In Marin, Mount Tamalpais State Park, Samuel P. Taylor State Park, Tomales Bay State Park and Point Reyes National Seashore are also open to casual mushroom hunting. And lastly, be sure to bring a map. At minimum, be certain you're on state park property when you take a mushroom or hike a trail. Lots of folks get lost in the park or, worse still, take mushrooms from private property. Make sure you know where you are, and where it is OK to take a mushroom.

Verify your treasure. Trust your scientific identification skills? Are you sure? Let's be honest, it's always better to have someone scrutinize your finds with you. I recall being on a foray with my neighbor Fritz, a veteran of mushrooming and someone who has lived among the coastal bounty for the better part of 40 years. I was certain I had found a delicious coccora, and was just about to toss it into my basket when Fritz said, "Wait!" I looked his way, just a few steps from where I had found the golden nugget. At Fritz's foot was what I came to learn was a death cap—growing right next to my coccora.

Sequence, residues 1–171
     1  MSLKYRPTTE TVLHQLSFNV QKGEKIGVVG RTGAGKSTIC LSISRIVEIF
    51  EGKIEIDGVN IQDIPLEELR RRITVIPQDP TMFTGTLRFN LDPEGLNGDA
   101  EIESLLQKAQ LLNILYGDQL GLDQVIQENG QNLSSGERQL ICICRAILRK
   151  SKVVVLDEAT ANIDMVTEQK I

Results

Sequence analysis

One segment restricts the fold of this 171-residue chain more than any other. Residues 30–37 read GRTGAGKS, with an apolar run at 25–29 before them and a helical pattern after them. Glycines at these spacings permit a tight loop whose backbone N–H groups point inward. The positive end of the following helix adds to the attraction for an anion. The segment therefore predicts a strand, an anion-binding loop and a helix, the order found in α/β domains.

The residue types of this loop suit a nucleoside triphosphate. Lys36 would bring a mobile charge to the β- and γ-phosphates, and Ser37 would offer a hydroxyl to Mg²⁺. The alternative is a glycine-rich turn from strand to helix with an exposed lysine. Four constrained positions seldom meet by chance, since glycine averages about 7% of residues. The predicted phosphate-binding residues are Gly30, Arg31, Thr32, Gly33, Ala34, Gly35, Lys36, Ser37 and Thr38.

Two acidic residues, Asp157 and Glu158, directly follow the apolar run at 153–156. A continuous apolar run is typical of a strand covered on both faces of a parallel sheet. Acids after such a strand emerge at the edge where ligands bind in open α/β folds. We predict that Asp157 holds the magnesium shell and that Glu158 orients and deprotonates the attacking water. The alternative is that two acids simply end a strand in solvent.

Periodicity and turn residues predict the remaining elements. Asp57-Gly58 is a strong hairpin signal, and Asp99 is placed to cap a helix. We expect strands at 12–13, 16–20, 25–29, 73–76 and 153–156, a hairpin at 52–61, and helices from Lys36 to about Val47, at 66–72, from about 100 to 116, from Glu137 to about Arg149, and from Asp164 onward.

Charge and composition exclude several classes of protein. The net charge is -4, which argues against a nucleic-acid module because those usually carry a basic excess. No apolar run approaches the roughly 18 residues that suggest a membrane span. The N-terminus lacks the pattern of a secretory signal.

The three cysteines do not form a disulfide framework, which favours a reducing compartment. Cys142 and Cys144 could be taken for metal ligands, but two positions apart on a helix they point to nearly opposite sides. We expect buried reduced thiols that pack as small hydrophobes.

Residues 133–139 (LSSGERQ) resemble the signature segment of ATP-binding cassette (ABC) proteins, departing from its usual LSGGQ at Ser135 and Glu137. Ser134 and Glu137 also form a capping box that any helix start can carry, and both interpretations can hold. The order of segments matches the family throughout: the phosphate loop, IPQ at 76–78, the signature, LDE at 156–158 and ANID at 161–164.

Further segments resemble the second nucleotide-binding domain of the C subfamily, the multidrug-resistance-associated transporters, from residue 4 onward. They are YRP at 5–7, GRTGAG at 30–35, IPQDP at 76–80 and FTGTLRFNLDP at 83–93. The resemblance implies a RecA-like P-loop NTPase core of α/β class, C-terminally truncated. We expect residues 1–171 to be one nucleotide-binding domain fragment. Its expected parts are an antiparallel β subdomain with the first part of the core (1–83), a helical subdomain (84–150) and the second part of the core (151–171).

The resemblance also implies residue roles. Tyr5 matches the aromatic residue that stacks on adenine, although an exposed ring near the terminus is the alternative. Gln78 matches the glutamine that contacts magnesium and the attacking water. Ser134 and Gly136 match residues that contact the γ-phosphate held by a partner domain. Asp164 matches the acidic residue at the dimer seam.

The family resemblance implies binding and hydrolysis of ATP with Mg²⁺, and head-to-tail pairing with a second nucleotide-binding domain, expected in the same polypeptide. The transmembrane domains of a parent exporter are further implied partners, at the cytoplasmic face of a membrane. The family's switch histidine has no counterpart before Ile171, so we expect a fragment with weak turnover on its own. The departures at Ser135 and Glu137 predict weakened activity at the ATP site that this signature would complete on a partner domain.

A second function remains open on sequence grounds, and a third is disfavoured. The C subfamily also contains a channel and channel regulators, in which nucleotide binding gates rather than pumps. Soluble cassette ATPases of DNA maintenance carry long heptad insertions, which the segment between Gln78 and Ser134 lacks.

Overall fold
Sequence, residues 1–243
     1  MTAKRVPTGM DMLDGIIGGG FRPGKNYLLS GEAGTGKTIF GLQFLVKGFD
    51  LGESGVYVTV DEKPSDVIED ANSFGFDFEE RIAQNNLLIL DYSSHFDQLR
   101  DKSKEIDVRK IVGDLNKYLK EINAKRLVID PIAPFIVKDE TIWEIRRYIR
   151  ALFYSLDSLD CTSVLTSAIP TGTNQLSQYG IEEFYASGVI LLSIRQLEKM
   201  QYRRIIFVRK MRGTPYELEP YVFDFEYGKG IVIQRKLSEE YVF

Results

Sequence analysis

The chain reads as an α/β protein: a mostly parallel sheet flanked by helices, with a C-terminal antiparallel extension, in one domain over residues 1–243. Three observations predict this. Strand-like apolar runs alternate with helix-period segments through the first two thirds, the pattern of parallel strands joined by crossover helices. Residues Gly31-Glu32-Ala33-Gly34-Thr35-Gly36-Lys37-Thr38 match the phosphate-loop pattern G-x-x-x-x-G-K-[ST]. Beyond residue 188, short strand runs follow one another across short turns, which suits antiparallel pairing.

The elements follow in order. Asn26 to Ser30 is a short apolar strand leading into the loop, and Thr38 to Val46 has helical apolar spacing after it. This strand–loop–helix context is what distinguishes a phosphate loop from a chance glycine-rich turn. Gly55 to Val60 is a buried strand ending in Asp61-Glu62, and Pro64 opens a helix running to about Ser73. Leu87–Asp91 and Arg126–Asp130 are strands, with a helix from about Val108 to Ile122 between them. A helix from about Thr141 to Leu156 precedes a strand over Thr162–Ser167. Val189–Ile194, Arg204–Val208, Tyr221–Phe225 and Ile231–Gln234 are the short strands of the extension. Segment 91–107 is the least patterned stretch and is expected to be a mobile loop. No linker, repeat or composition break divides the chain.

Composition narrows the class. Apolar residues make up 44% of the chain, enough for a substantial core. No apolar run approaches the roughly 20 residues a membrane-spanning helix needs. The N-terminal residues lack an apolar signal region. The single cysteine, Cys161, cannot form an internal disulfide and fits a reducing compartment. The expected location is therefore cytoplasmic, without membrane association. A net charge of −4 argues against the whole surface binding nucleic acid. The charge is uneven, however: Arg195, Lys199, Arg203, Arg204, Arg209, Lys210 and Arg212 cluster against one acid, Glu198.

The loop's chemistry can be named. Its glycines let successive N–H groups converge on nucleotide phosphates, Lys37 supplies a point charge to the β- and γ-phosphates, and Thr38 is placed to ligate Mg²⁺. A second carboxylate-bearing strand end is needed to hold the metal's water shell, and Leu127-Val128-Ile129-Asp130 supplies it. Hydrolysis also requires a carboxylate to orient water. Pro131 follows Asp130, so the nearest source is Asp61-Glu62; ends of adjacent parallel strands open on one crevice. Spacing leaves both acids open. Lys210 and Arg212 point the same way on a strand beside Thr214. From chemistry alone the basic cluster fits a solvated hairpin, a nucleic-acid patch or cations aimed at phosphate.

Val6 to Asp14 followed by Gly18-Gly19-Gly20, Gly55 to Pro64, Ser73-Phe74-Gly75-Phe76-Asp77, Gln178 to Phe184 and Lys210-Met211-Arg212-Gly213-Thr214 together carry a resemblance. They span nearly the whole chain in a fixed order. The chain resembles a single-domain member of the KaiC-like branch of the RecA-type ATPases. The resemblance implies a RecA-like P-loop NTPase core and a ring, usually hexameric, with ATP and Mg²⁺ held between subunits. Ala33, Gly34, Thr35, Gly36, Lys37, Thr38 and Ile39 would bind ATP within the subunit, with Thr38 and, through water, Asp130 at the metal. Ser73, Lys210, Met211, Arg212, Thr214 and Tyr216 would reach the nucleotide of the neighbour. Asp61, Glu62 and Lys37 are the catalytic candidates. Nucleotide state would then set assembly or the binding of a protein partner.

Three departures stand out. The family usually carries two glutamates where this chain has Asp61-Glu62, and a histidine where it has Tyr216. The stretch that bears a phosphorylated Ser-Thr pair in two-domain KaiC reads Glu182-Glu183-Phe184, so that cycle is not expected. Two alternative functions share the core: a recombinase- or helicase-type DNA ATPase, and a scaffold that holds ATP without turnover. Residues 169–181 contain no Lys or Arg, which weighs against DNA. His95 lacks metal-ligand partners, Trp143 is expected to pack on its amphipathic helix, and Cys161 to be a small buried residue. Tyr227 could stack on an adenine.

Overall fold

Of course, this might not mean much to the beginner, and certainly didn't to me, until Fritz hypothesized, "What if the mycelium underground beneath the death cap had commingled with the coccora's mycelium?" He was right. It wasn't a risk worth taking. I happily thanked Fritz. Verify your treasure, and hunt with an expert.

Cooking and preparation. I've personally only been at this great little mushroom hunting hobby for a bit more than a year now, but in this short time, I've learned that there are nearly as many recipes and preparation styles as there are mushrooms themselves. Once the hardest part of hunting and verification is done, it's time to really get cooking and enjoy the meal. I've found that the best preparations are going to come from the mouths of folks you pick to be your mentors. Who better to tell you what tastes best and how? While some of the tastiest recipes I've tried use nothing more than mushrooms, heat and butter, you'll find that the various mycological associations also have robust recipe sections, as well as active email groups. They are wonderful resources full of great folks willing to teach you anything they know. Lean on them, and foray!